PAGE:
“I... Don't be silly. Yesterday was... you know... yesterday. Things... happened.”
As he tried to remember the previous day, Draco met Ginny's eyes. This was strange. It was clear that her brother remembered their encounter the previous Tuesday, but he didn't seem to remember anything else about it. The loss of memory—or trying to squeeze that encounter into his memories of Monday—confused him.
Had Weasley somehow gotten pulled into the time loop, too? Or was it... fading?
“Come on, Malfoy,” Ginny said, grabbing Draco's hand and pulling him away from the tree.
“HEY! You can't sneak away that easily! Ginevra Molly Weasley, get back here!”
He was ignored as the two went back up to the castle.
“Where are we going?” Draco asked as she led him upstairs.
“Remember my theory? We were soaked in the potion, probably absorbed some of it, and maybe that's why we're stuck in this mess. Henry Zimmerman was the only other person to have contact with that potion,” she said.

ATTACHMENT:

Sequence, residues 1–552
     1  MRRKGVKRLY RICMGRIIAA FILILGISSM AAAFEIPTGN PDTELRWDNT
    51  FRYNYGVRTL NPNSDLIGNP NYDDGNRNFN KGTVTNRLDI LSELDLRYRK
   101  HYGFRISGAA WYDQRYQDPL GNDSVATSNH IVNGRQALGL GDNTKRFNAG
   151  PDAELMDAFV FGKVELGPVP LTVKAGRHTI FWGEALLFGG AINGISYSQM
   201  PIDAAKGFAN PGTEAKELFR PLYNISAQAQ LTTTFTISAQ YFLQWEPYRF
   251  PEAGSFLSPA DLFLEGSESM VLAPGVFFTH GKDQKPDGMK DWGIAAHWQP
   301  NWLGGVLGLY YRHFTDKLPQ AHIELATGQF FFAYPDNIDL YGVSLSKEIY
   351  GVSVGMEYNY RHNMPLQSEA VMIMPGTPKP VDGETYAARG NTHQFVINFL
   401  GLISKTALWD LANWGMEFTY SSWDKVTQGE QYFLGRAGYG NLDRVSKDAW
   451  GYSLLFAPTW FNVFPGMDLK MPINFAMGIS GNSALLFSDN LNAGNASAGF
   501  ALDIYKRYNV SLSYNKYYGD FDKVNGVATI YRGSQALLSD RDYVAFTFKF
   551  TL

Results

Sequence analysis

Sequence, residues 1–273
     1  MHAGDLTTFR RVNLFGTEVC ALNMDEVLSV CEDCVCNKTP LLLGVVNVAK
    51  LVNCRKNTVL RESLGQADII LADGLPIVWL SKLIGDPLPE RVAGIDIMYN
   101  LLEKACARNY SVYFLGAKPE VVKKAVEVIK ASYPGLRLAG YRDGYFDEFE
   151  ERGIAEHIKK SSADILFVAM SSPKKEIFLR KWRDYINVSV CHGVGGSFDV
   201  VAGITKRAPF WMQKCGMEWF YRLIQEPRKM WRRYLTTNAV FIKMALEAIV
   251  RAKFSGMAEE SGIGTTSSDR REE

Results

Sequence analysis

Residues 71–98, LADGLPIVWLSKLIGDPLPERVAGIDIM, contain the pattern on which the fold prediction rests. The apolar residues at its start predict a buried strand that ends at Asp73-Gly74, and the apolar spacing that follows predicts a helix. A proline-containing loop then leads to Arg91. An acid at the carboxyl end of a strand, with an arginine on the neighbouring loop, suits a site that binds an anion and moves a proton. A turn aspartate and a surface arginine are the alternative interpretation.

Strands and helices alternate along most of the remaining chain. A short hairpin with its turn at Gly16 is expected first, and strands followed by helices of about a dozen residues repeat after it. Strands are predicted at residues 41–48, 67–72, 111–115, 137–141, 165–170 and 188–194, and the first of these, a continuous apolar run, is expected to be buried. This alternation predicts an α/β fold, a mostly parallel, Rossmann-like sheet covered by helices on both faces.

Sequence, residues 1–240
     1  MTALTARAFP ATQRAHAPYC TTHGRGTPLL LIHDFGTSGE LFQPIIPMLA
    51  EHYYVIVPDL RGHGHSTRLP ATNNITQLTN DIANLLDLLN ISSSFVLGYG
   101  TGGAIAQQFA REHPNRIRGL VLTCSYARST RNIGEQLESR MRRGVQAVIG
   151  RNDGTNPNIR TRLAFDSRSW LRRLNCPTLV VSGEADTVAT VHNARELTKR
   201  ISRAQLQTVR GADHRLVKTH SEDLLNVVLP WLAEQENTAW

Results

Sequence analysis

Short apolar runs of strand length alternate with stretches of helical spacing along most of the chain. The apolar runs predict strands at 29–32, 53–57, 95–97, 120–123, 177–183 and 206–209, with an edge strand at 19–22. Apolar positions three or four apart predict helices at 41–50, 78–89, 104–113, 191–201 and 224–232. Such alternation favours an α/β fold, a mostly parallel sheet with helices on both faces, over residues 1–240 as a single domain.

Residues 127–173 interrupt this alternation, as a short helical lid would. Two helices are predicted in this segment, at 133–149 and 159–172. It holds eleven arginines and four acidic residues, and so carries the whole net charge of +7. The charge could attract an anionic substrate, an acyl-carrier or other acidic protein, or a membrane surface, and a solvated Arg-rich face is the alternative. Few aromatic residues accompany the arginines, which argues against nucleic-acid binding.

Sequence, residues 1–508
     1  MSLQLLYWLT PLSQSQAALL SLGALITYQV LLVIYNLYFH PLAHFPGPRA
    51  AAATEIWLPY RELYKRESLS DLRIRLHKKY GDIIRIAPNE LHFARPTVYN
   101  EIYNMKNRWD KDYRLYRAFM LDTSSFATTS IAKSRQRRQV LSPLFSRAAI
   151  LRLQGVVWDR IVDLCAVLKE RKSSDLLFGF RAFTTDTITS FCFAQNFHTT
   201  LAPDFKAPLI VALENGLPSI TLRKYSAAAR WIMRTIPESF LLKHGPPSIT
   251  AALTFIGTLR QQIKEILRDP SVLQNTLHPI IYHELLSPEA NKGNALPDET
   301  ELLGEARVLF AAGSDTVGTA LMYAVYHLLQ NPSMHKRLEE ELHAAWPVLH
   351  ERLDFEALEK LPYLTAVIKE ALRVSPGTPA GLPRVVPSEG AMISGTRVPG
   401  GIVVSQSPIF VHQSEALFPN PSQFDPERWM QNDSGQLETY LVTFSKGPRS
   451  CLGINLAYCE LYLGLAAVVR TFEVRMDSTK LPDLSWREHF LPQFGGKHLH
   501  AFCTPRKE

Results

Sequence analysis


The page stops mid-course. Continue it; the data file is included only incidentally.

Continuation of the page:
“But I thought he only inhaled the fumes,” Draco said.
“That's right. He inhaled enough of the fumes to pass out. So maybe the potion is affecting him, too, but maybe not exactly the same way it's affecting us.”
“Your brother didn't have anything to do with that potion,” he pointed out. “How does that explain why he remembers meeting us yesterday?”
She was silent for a few moments before she answered. “It doesn't. I don't understand that either. I don't know why I never thought to talk to Henry though, so we're going to go do that now.”